Fans of Barry Ritholtz might enjoy this post. As most of you know, Mr. Ritholtz is the CEO and Director for Equity Research for FusionIQ, an independent quant research firm. He works with Kevin Lane and Michael Conte of FusionAnalytics Investment Partners, LLC. I happened to meet Mr. Lane and Mr. Conte yesterday morning.
Mr. Lane provided some details about his background. He started with MFS and then became Redwood's Chief Market Strategist. When margins on the trade execution side of the business diminished, Mr. Lane shifted gears into market research. Mr. Lane appears to focus part of his research on answering the following three questions:
1. What are the underlying fundamentals?
2. Are we in the right sector?
3. What is the overall market environment?
Mr. Lane is a quant--someone who relies on numerical ("quantative") techniques to time the market and to determine market risk. I asked his thoughts on Long-Term Capital Management [LTCM], the most famous quant-based blow-up in Wall Street history (read the book, When Genius Failed, for more on this topic). This is where Mr. Lane differentiated his product from other quant-based tools. Many quants believe so religiously in their system, even when the data in front of them tells them a trade isn't working out, they ignore it. In contrast, Mr. Lane mentioned human error and being able to recognize when you've made a mistake.
Though he didn't come out and say it, he implied that LTCM fell prey to hubris. Mr. Lane also said that when his own bets on Tempur Pedic International Inc. (NYSE:TPX) and La-Z-Boy Inc. (NYSE:LZB) went awry, he exited those positions. His decision to take the loss sooner rather than later saved his investors from more downside movement. Overall, I found Mr. Lane to be upfront and professional. He clearly had passion for his work, and his eyes lit up when he began talking about his investment strategies.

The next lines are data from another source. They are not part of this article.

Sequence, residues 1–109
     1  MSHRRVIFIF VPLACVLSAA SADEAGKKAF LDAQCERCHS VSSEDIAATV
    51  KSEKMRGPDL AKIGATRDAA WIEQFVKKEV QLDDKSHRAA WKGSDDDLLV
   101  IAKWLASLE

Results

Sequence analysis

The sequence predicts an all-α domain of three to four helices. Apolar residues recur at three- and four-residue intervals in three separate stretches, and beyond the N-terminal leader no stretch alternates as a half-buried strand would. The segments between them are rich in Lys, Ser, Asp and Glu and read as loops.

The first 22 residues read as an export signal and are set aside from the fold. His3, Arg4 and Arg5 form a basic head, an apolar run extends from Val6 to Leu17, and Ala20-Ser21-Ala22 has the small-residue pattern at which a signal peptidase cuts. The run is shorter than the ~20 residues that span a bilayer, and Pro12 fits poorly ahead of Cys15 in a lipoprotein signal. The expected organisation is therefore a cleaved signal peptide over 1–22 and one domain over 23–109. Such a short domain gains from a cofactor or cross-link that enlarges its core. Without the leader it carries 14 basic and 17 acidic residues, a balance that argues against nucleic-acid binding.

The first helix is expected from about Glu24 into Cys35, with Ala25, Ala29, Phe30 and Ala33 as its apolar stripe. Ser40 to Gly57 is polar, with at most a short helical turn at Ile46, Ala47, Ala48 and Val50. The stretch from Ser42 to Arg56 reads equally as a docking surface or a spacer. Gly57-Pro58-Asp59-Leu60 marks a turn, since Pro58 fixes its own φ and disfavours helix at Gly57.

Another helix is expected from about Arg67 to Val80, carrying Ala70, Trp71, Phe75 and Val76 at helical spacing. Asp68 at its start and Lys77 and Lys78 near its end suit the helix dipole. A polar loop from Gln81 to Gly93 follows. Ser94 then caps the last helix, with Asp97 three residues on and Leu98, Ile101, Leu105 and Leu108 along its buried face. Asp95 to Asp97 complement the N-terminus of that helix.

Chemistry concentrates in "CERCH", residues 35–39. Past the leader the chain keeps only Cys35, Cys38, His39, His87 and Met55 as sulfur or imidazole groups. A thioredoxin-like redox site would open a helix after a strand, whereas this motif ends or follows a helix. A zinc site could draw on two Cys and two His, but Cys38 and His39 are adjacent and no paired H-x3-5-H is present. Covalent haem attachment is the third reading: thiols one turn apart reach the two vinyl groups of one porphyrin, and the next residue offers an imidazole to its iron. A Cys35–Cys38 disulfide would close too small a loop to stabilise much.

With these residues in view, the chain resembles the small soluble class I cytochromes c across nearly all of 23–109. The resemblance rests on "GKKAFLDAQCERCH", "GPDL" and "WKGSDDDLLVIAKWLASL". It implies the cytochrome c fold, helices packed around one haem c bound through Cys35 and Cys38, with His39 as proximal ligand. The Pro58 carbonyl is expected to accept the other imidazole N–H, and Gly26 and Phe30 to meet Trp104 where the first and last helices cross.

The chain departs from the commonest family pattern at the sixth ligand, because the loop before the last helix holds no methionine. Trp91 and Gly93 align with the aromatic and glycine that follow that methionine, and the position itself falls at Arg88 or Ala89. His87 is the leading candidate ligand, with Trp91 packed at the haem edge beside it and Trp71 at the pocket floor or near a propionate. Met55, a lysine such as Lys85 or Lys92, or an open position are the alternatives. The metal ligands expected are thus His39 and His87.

I then spoke with Mr. Conte. If Mr. Lane is the gravitas of the operation, then Mr. Conte is the suave go-getter, the East Coast stud who brings energy and drive to every meeting. Mr. Conte talked about the FusionAnalytics program and how it sought to minimize investment risk. He used the term, "tilt," instead of portfolio "re-balancing," saying it was important to allocate assets in the right direction rather than just haphazardly. Actually, he said it more colorfully--he said that rebalancing doesn't make sense, because you could be rebalancing into toxic assets, except he used a scatalogical term for "toxic assets," which made me laugh.
Mr. Conte also talked about conflicts of interest and how many brokers and advisors had no incentive to protect their clients' money. For example, let's say you recommend a stock to your clients. A few months later, the technical indicators show that the stock is poised for a dive. In most firms, there's no incentive to go back to your clients and tell them you were wrong a few months ago and they should sell. That's because many Wall Street firms don't prioritize protecting their clients' money--their models are based on getting as much money as you can and giving your clients bullish tips. Mr. Conte said FusionAnalytics avoided this conflict of interest by charging a percentage of assets under management, allowing them to focus on results.
As I've written several times before, it's important for investors to see investment advisors and corporate executives in person to gauge their credibility. Human intuition, honed for thousands of years, may not always be correct, but it can sometimes save investors a lot of grief. One reason Madoff might have secluded himself from his investors and created an exclusive (read: isolated) existence is probably because he knew his lies would produce tell-tale signals. Mr. Conte and Mr. Lane both came across as credible, decent men. I wouldn't be surprised to see them doing very well in the future. In a world where a Madoff can exist, it's nice to know that a Mike Conte and a Kevin Lane can also thrive.